Neil Britton was one of only two civilian witnesses called to testify in front of the Grand Jury against Bear Lincoln, the other being a mystery witness by the name of Robert Steitler.

* * *

As night fell on that April 14th , police descended on Covelo looking for Arylis Peters. There was a full moon often obscured by rain clouds.

Deputies Bob Davis, a Native American and former Navy Seal, and Dennis Miller, former resident deputy in Anderson Valley, dispatched themselves to the top of a ridge between Round Valley and the Little Valley home of Bear Lincoln and family lived.

The Sheriff’s Department had information that led them to believe that Arylis might be at the Little Valley home of Bear Lincoln, four miles west of the high school, over the shallow ridge from Round Valley proper, hence the tactical placement of deputies Miller and Davis on the ridge overlooking the Lincoln property.

Deputy Dennis Miller: “We were completely off the road, uh, the trail that goes along the ridge there. We were completely off the main road. Um, and it wasn't a road block it was just uh...uh, a surveillance point.”

The “surveillance point” was on top of a large berm in the bend of the road where Davis’s 4x4 patrol vehicle was parked out of the view of anyone coming up the road from Lincoln’s compound down in Little Valley.

Deputy Miller said that he and Davis had just arrived at the ridgetop and backed their car off the road when Davis alerted Miller that someone was coming up the road. It was about 10pm. Both deputies quickly got out of their patrol wagon and Davis, Miller said, shined a flashlight on a man walking up the road carrying a rifle. Davis shouted, "Sheriff's Department! Drop the gun."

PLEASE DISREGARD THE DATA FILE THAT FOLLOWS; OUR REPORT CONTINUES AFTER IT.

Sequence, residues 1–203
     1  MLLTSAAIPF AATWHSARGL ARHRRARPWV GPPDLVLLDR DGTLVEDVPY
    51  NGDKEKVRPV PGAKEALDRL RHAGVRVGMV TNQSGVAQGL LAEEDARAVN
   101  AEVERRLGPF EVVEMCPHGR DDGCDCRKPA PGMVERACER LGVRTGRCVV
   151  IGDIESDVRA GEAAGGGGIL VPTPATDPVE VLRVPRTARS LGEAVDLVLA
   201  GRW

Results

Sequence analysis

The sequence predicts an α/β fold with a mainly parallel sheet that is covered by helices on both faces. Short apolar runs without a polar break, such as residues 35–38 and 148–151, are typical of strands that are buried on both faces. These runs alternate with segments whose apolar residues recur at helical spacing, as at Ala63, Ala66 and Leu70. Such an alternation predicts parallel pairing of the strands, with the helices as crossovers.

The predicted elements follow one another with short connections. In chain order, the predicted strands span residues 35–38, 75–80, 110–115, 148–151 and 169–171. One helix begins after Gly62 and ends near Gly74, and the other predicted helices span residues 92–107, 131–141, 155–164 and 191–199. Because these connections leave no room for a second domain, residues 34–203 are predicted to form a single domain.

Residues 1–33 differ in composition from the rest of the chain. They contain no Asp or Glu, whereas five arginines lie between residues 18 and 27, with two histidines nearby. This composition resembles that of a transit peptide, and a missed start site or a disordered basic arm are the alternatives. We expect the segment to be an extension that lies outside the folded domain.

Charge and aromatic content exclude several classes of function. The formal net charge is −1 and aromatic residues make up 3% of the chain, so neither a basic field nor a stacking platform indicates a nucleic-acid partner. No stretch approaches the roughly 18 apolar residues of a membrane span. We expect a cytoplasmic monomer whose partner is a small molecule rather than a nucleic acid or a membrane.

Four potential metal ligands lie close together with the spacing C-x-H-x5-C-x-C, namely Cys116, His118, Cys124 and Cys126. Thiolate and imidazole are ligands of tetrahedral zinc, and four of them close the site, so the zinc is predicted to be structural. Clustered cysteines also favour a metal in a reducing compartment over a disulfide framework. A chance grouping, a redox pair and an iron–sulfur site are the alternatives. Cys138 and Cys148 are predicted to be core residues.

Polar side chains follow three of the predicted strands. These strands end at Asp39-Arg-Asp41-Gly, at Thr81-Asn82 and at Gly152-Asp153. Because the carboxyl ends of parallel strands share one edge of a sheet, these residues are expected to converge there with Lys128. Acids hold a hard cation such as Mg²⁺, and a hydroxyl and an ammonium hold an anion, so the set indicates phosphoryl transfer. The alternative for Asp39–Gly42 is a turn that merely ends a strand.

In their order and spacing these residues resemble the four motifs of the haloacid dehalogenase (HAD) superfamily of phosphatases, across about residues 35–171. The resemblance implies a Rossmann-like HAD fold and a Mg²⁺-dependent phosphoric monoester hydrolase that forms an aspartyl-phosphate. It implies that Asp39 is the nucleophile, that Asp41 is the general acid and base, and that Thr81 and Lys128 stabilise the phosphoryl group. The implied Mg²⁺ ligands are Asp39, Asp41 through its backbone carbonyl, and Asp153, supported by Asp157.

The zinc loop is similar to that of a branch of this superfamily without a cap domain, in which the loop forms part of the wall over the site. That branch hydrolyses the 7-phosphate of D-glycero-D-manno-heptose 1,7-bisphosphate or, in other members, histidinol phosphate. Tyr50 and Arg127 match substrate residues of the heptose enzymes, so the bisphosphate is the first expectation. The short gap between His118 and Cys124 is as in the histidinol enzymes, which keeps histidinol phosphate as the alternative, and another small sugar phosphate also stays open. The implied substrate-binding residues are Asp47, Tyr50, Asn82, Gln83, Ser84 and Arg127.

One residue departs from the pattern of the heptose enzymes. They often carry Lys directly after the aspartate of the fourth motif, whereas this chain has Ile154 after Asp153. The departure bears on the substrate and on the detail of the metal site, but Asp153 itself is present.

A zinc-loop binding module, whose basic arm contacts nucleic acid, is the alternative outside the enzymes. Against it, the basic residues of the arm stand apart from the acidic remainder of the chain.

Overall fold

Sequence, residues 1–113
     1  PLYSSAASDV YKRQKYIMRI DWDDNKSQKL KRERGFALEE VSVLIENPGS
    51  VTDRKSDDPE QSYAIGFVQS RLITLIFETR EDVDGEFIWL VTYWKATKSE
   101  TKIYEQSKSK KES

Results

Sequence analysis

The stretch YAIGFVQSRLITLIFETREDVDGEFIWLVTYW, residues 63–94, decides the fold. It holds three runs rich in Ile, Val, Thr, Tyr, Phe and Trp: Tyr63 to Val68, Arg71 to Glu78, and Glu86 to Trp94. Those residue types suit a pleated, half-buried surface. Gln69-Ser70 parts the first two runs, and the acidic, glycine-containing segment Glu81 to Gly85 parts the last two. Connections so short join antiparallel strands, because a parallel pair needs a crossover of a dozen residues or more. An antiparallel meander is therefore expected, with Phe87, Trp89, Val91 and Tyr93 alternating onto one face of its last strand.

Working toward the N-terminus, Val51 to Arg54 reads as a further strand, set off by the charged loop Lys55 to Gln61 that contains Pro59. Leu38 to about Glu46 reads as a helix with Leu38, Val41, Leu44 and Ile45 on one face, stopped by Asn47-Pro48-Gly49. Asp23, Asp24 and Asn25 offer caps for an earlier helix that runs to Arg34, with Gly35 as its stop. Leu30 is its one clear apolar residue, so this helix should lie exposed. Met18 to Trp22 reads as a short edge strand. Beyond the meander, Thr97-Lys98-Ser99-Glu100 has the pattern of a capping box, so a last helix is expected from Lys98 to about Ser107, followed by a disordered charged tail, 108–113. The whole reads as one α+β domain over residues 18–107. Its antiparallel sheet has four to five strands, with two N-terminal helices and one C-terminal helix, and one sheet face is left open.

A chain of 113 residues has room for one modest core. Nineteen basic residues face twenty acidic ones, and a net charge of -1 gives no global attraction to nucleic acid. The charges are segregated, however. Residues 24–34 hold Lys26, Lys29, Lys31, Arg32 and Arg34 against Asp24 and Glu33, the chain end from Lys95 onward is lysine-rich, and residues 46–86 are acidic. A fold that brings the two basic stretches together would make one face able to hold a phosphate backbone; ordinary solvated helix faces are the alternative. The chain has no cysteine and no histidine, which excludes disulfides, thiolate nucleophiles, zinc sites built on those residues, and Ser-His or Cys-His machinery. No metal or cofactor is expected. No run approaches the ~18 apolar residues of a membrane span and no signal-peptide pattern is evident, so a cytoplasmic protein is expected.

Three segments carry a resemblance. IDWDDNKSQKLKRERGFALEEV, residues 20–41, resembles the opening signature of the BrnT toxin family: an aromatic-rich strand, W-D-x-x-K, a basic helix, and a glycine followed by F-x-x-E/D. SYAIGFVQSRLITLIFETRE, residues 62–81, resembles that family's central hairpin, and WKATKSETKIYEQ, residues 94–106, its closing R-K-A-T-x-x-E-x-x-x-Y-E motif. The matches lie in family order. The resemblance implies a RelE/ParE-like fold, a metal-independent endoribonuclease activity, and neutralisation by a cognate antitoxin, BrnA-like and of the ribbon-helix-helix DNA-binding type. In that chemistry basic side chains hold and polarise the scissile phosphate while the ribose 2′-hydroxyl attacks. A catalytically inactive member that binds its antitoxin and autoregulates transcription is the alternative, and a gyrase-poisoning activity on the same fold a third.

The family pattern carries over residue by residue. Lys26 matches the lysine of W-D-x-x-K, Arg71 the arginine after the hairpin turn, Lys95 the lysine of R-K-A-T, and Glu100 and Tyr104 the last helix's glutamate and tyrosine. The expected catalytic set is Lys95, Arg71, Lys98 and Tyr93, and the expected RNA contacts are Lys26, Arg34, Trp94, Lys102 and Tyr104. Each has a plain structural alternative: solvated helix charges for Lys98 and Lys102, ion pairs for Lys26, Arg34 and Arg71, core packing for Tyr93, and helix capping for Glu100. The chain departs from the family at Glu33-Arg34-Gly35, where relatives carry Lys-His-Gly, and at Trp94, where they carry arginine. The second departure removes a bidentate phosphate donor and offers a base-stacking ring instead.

Miller testified that Davis repeated the command three times. But the man shouldered a rifle and, Miller said, fired a shot in the direction of the deputies, and both deputies opened return fire with pistols. The man with the rife went down and it was quiet.

From Bear Lincoln’s trial testimony:

What was the first thing, as you approached the summit, that you did hear?

Well, I heard Acorn. He said, “Oh, fuck.”

Then what happened?

"Then there was a barrage of gunfire, and bullets."

And how far behind him were you?

"About the same distance. 25 feet."

And when you say “a barrage of gunfire” what do you mean?

"A lot of bullets going off at the same time."

Could you see gunfire, that is any of kind light… I don’t know, any kind of fire from any muzzle?

"No. I didn’t see anything."

Had you heard any person emit any sound other than Acorn who said “Oh, fuck”?


Had Acorn shot? Did you see him shoot?

"No. He didn’t."

Did you shoot before Acorn fell?


How did he fall?

"He fell backwards."

How far from you did he fall?

"20 to 25 feet."

What did you do then?

"I chambered a round in my gun and I returned fire."

* * *

From their surveillance point, Deputies Miller and Davis had shot and killed Leonard Peters who was walking up the road a short distance in front of Bear Lincoln.